An Introduction to Solar System Astronomy
Prof. Richard Pogge, MTWThF 9:30
Lecture 14: "The Revolutions" of Nicolaus
"If the Lord Almighty had consulted me before
embarking upon the Creation, I should have recommended
Alfonso X El Sabio [The Wise], of Castile (1221-1284)
upon being instructed in the Ptolemaic system.
The Medieval Interruption
Copernicus' Heliocentric System:
- Earth rotates on its axis once a day.
- Earth & Planets revolve around the Sun.
- Retained epicycles, but purged Ptolemy's equant,
restoring uniform circular motion.
- "Impossibility" of a moving earth
- Non-observation of stellar parallaxes
The Great Interruption
Most classical knowledge was lost, or only dimly remembered, in Europe
after the fall of Rome c. 400AD.
However, the rise of a brilliant Islamic civilization in the Middle East
c.750AD led to survival of classical learning in Arabic translation:
In this way, the ancient classical learning was to be nurtured and
extended by Islamic society while most of contemporary Europe fell into
a kind of intellectual slumber.
- The Baghdad-Abbasid caliphs sponsored the work of systematically
translating classical Greek and Syraic texts into Arabic in the 9th
century (e.g., the famous "House of Wisdom" of the Baghdad Caliph
Abu al-Abbas al-Ma'mun).
- Islamic scholars not only preserved these older works, they also
advanced knowledge themselves with original discoveries in
mathematics & astronomy,
- This included the invention of algebra & advancement of
trigonometry, and fundamental work in optics, astronomy, geography,
Spain became the center for translation of Arabic texts into Latin in
the 11th century.
- Primarily the work of Jewish scholars working between the Christian
and Islamic worlds.
- The principal centers of this work were the magnificent libraries of
Toledo and Córdoba.
As these works made their way out of Spain, Europeans slowly
rediscovered their intellectual heritage:
- Aristotle & Ptolemy rediscovered in the 12th
- Christian scholars (e.g., Aquinas) reconciled these with
works with the body of Christian dogmas (13th century)
In particular, the astronomy of Ptolemy, in the form of his Almagest
(the Arabic name of the Syntaxis), was to be elevated to
the almost to the level of religious dogma.
From Rediscovery to Rebirth
The period between the Middle Ages and the Renaissance were times of
great social and intellectual change:
- The rise of the great Universities.
- The invention and spread of printing.
- Challenges to the spiritual and political authority of
the Roman Church by reformers.
- Extended ocean voyages of discovery and trade by Portugal
Nicolaus Copernicus (1473-1543)
Born in Torun, Poland. Educated at Krakow, Bologna, and Padua in
mathematics, medicine, law, astronomy, & philosophy. Spent most of
his life as a Canon at Frauenberg Cathedral in Poland.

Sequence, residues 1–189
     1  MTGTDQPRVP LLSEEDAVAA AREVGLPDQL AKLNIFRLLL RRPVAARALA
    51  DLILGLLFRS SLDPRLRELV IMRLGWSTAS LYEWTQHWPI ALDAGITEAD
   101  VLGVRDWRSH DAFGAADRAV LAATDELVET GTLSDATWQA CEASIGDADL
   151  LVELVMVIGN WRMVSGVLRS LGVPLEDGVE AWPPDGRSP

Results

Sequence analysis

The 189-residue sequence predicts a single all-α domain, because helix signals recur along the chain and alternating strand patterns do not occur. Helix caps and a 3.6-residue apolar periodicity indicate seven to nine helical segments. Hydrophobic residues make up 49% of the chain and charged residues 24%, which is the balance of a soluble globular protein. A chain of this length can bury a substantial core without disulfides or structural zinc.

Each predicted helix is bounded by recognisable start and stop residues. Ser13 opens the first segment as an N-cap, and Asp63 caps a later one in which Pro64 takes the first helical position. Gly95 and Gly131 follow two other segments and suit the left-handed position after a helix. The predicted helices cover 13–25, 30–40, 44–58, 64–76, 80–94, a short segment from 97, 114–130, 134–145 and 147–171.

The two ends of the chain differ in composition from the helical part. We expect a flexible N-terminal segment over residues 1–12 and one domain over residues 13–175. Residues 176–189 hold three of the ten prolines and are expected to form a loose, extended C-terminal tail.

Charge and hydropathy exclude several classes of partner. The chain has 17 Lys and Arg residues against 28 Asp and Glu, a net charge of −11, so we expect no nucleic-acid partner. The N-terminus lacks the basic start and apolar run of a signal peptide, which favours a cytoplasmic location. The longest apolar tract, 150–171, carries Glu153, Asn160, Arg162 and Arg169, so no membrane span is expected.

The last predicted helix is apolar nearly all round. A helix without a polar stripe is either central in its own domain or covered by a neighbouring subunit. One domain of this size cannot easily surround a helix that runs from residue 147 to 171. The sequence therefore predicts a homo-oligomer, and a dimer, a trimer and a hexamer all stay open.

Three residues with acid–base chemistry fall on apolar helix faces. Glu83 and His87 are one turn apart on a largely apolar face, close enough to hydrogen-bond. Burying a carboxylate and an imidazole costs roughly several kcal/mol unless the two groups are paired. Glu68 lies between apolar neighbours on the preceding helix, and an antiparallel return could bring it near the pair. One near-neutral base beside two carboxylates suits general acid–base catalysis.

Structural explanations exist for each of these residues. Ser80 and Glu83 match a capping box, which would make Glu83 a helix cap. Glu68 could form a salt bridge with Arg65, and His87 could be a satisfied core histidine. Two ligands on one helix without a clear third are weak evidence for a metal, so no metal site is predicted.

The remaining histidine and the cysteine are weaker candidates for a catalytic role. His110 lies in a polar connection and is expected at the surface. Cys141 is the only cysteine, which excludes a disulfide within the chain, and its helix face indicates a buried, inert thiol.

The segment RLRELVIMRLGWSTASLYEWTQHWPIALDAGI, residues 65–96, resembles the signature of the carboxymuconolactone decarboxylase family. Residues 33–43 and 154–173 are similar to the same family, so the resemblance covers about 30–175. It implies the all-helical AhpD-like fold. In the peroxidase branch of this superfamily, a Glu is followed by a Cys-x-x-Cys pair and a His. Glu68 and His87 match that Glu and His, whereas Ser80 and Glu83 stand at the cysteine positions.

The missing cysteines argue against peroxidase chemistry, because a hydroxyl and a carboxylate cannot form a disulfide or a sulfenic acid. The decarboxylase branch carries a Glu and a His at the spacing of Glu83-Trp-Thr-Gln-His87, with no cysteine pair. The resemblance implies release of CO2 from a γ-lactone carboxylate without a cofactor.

Copernicus was a very traditional thinker:
- Aristotelian in outlook.
- Conservative compared to his contemporaries (e.g., the humanist
Copernicus sought to purge Ptolemy's system of the messy expedient of
- It violated the Aristotelian notion of uniform circular
- He felt that a good system must please the mind as well as
"preserve appearances" (i.e., make accurate
1514: Circulated a brief pamphlet, the
"Commentariolus", describing a new system of the
Note: Copernicus was not alone in his discontent with the
Equant. Arabic astronomers in the 13th and 14th centuries undertook
reforms to the Ptolemaic model (specifically the
astronomer/mathematicians al-Tusi, al-`Urdi, and ash-Shatir), while
preserving its overall geocentric character.
The Heliocentric System Revived
Copernicus revived the Heliocentric system of Aristarchus, which he did
not know in detail, but rather through Archimedes' mention of it in
The Sand Reckoner.
- The Sun, not the Earth, is at the center.
- The Earth rotates around its axis, producing the daily
motions of celestial bodies.
- The Earth revolves (orbits) around the Sun, producing the
These were radical ideas for their time, but Copernicus was no
De Revolutionibus Orbi Coelstium
On the Revolution of the Heavenly Orbs (1543)
- The work was dedicated to Pope Paul III
- It was printed with the formal approval (Imprimatur) of Church authorities.
It was not, however, a bestseller:
- It was a long, difficult Latin treatise
- It was not widely circulated
Despite this, his ideas got serious attention, both for and against.
Far from being "the book nobody read" as it is often incorrectly
portrayed, De Revolutionibus was widely read and commented
upon by the scholars of the day, both for and against his ideas.
When is a revolution not a revolution?
Copernicus still clung to strict Aristotelian ideas in
his heliocentric system:
- It retained epicycles, if now they were centered on the Sun
instead of the Earth.
- It required uniform circular motion.
This made his system complex:
Still only described the motions of the planets without
explaining them physically.
- 48 epicycles, compared to 40 in the Ptolemaic geocentric system.